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Re: [Qemu-devel] [libvirt] Modern CPU models cannot be used with libvirt

From: Itamar Heim
Subject: Re: [Qemu-devel] [libvirt] Modern CPU models cannot be used with libvirt
Date: Mon, 12 Mar 2012 21:12:40 +0200
User-agent: Mozilla/5.0 (X11; Linux x86_64; rv:10.0) Gecko/20120131 Thunderbird/10.0

On 03/12/2012 09:01 PM, Anthony Liguori wrote:
On 03/12/2012 01:53 PM, Itamar Heim wrote:
On 03/11/2012 05:33 PM, Anthony Liguori wrote:
On 03/11/2012 09:56 AM, Gleb Natapov wrote:
On Sun, Mar 11, 2012 at 09:12:58AM -0500, Anthony Liguori wrote:
-cpu best wouldn't solve this. You need a read/write configuration
file where QEMU probes the available CPU and records it to be used
for the lifetime of the VM.
That what I thought too, but this shouldn't be the case (Avi's idea).
We need two things: 1) CPU model config should be per machine type.
2) QEMU should refuse to start if it cannot create cpu exactly as
specified by model config.

This would either mean:

A. pc-1.1 uses -cpu best with a fixed mask for 1.1

B. pc-1.1 hardcodes Westmere or some other family

(A) would imply a different CPU if you moved the machine from one system
to another. I would think this would be very problematic from a user's

(B) would imply that we had to choose the least common denominator which
is essentially what we do today with qemu64. If you want to just switch
qemu64 to Conroe, I don't think that's a huge difference from what we
have today.

It's a discussion about how we handle this up and down the stack.

The question is who should define and manage CPU compatibility.
Right now QEMU does to a certain degree, libvirt discards this and
does it's own thing, and VDSM/ovirt-engine assume that we're
providing something and has built a UI around it.
If we want QEMU to be usable without management layer then QEMU should
provide stable CPU models. Stable in a sense that qemu, kernel or CPU
upgrade does not change what guest sees.

We do this today by exposing -cpu qemu64 by default. If all you're
advocating is doing -cpu Conroe by default, that's fine.

But I fail to see where this fits into the larger discussion here. The
problem to solve is: I want to use the largest possible subset of CPU
features available uniformly throughout my datacenter.

QEMU and libvirt have single node views so they cannot solve this
problem on their own. Whether that subset is a generic Westmere-like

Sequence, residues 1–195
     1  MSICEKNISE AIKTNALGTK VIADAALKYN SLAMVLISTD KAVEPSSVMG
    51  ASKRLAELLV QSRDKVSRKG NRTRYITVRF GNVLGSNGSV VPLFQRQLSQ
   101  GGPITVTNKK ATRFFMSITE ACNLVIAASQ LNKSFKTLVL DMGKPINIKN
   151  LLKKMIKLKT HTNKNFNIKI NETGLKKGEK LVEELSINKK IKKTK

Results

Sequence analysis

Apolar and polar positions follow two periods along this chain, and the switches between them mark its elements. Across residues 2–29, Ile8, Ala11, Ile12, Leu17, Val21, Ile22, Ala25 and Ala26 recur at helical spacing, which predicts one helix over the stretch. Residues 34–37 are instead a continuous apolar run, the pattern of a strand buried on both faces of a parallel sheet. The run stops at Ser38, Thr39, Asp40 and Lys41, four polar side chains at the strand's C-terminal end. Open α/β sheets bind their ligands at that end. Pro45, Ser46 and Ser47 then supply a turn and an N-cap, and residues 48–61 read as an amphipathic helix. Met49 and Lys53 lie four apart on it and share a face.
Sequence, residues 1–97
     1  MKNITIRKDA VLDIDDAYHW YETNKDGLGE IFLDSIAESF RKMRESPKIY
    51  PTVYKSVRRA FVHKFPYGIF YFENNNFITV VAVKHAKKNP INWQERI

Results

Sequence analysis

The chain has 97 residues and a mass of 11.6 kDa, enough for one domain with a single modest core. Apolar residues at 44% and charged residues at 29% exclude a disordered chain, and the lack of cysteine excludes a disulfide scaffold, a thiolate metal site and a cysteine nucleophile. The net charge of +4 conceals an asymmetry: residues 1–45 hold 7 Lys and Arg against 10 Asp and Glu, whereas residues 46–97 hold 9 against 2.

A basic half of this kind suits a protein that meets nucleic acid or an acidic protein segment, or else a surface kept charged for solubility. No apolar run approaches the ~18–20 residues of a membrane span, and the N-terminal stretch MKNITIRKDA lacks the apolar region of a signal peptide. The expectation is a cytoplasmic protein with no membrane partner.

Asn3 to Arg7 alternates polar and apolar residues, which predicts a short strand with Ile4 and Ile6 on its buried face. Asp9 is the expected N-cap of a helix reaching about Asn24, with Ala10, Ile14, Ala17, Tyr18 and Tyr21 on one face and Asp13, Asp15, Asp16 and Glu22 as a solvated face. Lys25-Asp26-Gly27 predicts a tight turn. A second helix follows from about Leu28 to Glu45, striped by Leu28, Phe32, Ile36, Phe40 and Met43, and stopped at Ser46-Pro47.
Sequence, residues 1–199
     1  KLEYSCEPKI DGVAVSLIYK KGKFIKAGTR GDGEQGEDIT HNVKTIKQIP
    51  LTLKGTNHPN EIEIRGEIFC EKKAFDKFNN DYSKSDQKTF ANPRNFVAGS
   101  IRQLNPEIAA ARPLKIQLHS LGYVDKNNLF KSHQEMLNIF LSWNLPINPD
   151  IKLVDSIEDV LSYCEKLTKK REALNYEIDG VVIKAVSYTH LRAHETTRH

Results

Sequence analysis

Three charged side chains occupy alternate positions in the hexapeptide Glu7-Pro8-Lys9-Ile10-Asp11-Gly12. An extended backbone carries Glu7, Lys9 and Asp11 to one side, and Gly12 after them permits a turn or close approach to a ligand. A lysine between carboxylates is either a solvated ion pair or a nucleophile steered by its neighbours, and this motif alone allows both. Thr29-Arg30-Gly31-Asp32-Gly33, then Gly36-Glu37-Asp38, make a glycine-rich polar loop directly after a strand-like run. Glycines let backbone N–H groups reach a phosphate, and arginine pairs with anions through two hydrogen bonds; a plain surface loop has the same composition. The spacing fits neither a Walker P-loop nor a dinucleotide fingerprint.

processor that never existed IRL or a specific Westmere processor seems
like a decision that should be made by the datacenter level manager with
the node level view.

If I have a homogeneous environments of Xeon 7540, I would probably like
to see a Xeon 7540 in my guest. Doesn't it make sense to enable the
management tool to make this decision?

literally, or in capabilities?
literally means you want to allow passing the cpu name to be exposed
to the guest?

Yes, literally.

Xen exposes the host CPUID to the guest for PV. Both PHYP (IBM System P)
and z/VM (IBM System Z) do the same.

What does VMware expose to guests by default?

if in capabilities, how would it differ from choosing the correct "cpu
it wouldn't really be identical (say, number of cores/sockets and no
VT for time

It's a trade off. From a RAS perspective, it's helpful to have
information about the host available in the guest.

If you're already exposing a compatible family, exposing the actual
processor seems to be worth the extra effort.

only if the entire cluster is (and will be?) identical cpu.
or if you don't care about live migration i guess, which could be hte case for clouds, then again, not sure a cloud provider would want to expose the physical cpu to the tenant.

ovirt allows to set "cpu family" per cluster. assume tomorrow it could
do it an
even more granular way.
it could also do it automatically based on subset of flags on all
hosts - but
would it really make sense to expose a set of capabilities which
doesn't exist
in the real world (which iiuc, is pretty much aligned with the cpu
that users understand?

No, I think the lesson we've learned in QEMU (the hard way) is that
exposing a CPU that never existed will cause something to break. Often
times, that something is glibc or GCC which tends to be rather epic in
terms of failure.

good to hear - I think this is the important part.
so from that perspective, cpu families sounds the right abstraction for general use case to me. for ovirt, could improve on smaller/dynamic subsets of migration domains rather than current clusters and sounds like you would want to see "expose host cpu for non migratable guests, or for identical clusters".

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